Given the complex interactions among the microflora, mucosal barrier, and resident immune cells, relatively small changes in individual signaling molecules could result in a biologically significant constellation of signaling events. To best appreciate changes in signaling networks, the focused array followed by gene ontology analysis was used as the primary means to identify immune function associated changes in the intestine. In this approach, a targeted microarray, which included 12 replicate oligo spots/gene target, was selected. This represents a 6- to 12-fold increase in the number of technical replicates typically used in array assays, resulting in sensitivity equal to greater than that of real-time RT-PCR (Druyan et al., 2008). The results of the array analysis identified 30 genes with expression that differed between treatment groups. Many of these genes were associated with the immune system (STAT4, IFNAR2, NFκβ, CD28, IL-12RB2, Jack2, and IL-10). Of the immune associated genes, all but IL-10 were found to be down-regulated and all are associated with the Th1, pro-inflammatory, type of immune response (Trinchieri, 2003). Conversely, IL-10, which was up-regulated, is commonly regarded as an anti-inflammatory cytokine and associated with the Th2 type of immune response (Couper et al., 2008). Gene ontology analysis of the full complement of differentially regulated genes identified the changes in expression with that of the IL-27 signaling pathway and the balance between Th1 and Th2 immune responses. Interleukin-27 has presently not been identified in chickens, and, to our knowledge, this is the first report to suggest an IL-27-like signaling pathway may exist in birds.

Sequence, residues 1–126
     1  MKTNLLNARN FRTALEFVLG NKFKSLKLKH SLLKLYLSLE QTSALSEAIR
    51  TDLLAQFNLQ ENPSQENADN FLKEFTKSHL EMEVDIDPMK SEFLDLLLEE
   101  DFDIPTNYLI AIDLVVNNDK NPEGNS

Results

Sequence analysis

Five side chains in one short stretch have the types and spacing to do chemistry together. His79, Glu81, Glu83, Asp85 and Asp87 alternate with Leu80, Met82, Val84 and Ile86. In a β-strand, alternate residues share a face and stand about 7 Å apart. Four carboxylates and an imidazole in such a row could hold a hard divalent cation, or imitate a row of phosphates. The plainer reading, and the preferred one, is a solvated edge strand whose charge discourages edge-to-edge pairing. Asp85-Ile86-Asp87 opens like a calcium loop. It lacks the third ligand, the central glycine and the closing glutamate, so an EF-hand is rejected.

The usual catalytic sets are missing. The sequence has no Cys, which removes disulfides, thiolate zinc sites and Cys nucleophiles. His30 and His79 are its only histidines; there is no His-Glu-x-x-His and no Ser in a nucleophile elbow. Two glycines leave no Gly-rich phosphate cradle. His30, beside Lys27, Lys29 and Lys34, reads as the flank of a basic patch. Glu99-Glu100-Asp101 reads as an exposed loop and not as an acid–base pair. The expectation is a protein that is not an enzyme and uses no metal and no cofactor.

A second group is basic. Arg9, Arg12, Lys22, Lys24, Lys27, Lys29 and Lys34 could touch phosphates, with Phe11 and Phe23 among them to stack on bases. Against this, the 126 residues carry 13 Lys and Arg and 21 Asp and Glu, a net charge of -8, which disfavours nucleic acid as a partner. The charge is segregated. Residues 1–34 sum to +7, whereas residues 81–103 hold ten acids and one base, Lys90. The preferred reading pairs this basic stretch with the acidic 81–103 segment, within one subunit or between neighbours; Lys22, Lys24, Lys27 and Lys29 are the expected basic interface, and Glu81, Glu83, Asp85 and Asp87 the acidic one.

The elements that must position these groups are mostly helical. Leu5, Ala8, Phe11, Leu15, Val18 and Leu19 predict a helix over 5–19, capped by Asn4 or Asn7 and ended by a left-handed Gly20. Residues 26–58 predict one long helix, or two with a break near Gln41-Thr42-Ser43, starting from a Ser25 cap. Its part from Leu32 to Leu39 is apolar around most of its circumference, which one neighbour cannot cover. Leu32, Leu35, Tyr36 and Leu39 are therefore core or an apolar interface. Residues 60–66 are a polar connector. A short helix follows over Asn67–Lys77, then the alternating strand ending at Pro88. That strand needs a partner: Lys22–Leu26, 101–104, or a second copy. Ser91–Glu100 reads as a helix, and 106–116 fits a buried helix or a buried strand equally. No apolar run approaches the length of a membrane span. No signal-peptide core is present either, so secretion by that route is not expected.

To support the array and gene ontology results, 6 gene targets were selected for analysis by real-time RT-PCR. Three of the gene targets (IL-10, IL-12Rβ2, and Myc) were directly identified by the array as being differentially expressed. The remaining 3 gene targets (IL-12p40, GATA3, and Bcl-6) were not represented on the array but identified by the gene ontology analysis. Interestingly, the results of the real-time RT-PCR analysis do not support the array on a gene-by-gene basis; however, the overall impression of changes in signaling pathways does appear similar. Real-time RT-PCR did not demonstrate a difference in IL-10 or IL-12RB2 expression. The specific reason for this is presently unclear; however, given the fact that we have previously reported an increase in IL-10 expression in the ileum of direct fed microbial treated chicks (Chichlowski et al., 2007b), it is possible that the changes in expression are at or just below the limit of detection of the real-time RT-PCR assay. Real-time RT-PCR did indicate an increase in expression of Myc in DFMD treated broilers; however, this difference was not statistically significant at the a priori level of P < 0.05.